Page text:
(2) Old Pumping Machinery: The pumps in the old system have been installed in 1974 and those in new system have been installed in 1991. The raw water pumps have already outlived their lives. But these pumps have not been replaced causing huge energy consumption. The energy required of the old system (56 MLD) is 1450 Kwh/MLD and for the new system (100 MLD) is 917 Kwh/Mld. Thus, due to high static lift, booster arrangement and inefficient pumps, AMC have to bear a heavy energy cost (about Rs 270 million per annum).

1.2 Distribution System
The main challenges in the distribution system are as below:

(1) Uneven Terrain: The city terrain has a number of undulating surfaces. The terrain has a level difference in the range of 525 m to 840 m. The system is lacking pressure management, as a result there are uneven pressures in different parts of the city.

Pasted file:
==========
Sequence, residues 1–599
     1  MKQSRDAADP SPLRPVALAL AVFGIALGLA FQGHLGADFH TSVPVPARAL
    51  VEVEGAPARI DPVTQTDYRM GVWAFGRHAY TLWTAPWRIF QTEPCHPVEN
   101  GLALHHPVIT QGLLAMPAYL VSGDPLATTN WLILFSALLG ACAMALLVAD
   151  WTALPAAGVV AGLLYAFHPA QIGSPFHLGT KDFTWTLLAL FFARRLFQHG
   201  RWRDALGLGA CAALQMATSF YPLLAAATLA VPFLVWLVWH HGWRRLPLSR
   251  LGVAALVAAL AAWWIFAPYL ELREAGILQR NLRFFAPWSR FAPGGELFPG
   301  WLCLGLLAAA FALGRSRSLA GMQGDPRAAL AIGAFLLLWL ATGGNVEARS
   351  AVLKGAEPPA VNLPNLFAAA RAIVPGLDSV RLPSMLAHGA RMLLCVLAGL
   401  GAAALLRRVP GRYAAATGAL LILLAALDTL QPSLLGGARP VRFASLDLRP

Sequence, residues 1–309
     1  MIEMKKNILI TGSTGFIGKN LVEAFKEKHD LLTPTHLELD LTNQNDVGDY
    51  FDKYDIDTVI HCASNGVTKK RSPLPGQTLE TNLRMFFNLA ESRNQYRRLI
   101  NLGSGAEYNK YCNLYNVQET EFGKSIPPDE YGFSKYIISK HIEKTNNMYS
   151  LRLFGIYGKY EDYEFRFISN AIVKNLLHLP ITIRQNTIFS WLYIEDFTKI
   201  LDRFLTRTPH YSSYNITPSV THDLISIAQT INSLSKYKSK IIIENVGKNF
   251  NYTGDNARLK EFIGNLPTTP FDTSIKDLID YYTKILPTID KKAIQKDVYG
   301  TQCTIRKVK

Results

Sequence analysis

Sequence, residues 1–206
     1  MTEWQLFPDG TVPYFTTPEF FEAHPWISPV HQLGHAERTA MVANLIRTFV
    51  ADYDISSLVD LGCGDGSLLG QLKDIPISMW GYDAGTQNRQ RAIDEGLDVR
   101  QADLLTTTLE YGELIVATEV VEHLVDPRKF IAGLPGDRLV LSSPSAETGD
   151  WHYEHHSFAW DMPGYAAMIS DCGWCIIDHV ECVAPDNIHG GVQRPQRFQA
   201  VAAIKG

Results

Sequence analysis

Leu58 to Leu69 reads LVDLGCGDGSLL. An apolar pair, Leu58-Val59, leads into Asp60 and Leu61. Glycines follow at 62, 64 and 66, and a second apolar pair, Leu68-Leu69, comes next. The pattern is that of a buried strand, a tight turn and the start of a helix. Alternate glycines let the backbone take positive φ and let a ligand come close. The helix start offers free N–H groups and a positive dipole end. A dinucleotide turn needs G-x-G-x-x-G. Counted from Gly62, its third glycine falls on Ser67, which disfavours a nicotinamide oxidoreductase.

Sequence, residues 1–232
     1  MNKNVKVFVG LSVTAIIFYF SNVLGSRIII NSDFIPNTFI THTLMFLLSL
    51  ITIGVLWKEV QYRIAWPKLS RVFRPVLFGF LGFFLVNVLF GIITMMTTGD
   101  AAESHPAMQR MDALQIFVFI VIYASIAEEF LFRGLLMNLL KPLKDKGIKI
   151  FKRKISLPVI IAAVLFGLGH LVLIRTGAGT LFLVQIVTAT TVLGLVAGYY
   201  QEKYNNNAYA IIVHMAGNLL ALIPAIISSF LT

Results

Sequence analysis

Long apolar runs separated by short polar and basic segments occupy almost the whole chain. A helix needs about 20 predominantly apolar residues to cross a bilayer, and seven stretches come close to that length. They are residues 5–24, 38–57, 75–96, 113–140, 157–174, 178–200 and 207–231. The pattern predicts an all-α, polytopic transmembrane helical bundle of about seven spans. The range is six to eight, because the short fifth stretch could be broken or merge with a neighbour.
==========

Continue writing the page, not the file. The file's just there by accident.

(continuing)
(2) Old GI and Non-metallic pipes: Out of 968 kms of length of distribution, 634 kms are AC, PVC, GI RCC pipes. These pipes are easily tampered with and therefore there is huge wastage of water.
(3) High NRW: The system has numerous leakage points resulting in 58% NRW – the breakup is shown in Table 1.

Commercial Loss:
Commercial losses occur due to theft, metering inaccuracy and unmetered authorized consumption. The theft is also due to a large number of illegal connections. The total consumers as per AMC record is 99,451. These consumers are of domestic and commercial category. The water audit study indicates that around 50,000 houses are without connection in spite of the fact that the distribution pipe network covers almost all parts of the city. The significant observation is that commercial connections are mentioned as just 600, which does not match the commercial status of Aurangabad city. Thus, losses in the commercial segment are huge amounting to Rs 2,500 per capita per year – the loss of revenue is Rs 12.50 Crores per Annum.